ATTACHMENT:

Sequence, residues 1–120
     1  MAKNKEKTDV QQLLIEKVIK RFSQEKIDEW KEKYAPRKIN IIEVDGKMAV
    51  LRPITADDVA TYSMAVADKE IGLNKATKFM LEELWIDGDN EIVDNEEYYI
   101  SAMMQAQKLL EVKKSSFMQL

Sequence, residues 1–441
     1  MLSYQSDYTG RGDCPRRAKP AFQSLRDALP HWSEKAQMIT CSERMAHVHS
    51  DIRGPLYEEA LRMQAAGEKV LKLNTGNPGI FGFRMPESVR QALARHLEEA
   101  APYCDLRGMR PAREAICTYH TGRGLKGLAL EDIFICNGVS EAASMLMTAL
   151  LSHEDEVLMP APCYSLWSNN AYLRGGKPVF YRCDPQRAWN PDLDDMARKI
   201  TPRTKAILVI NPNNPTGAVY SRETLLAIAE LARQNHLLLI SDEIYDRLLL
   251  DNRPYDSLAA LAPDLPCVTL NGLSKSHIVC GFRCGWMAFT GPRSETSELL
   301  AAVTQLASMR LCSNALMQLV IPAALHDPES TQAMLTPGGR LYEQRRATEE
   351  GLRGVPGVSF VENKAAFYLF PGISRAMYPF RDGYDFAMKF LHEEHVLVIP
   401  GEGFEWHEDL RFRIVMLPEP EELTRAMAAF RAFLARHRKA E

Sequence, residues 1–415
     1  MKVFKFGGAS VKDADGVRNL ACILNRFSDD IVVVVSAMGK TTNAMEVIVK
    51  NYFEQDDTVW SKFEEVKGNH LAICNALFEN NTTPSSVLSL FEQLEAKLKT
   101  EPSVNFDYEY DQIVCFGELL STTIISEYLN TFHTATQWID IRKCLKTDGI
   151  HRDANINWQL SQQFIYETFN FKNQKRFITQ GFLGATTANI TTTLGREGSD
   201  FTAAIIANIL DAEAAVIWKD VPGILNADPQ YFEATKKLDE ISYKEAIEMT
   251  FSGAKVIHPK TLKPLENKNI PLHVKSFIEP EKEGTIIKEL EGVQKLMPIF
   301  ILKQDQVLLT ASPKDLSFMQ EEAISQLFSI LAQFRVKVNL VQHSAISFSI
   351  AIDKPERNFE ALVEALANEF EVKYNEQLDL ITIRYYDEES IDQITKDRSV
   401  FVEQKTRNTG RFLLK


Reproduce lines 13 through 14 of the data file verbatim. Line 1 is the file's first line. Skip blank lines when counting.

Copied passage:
   351  GLRGVPGVSF VENKAAFYLF PGISRAMYPF RDGYDFAMKF LHEEHVLVIP
   401  GEGFEWHEDL RFRIVMLPEP EELTRAMAAF RAFLARHRKA E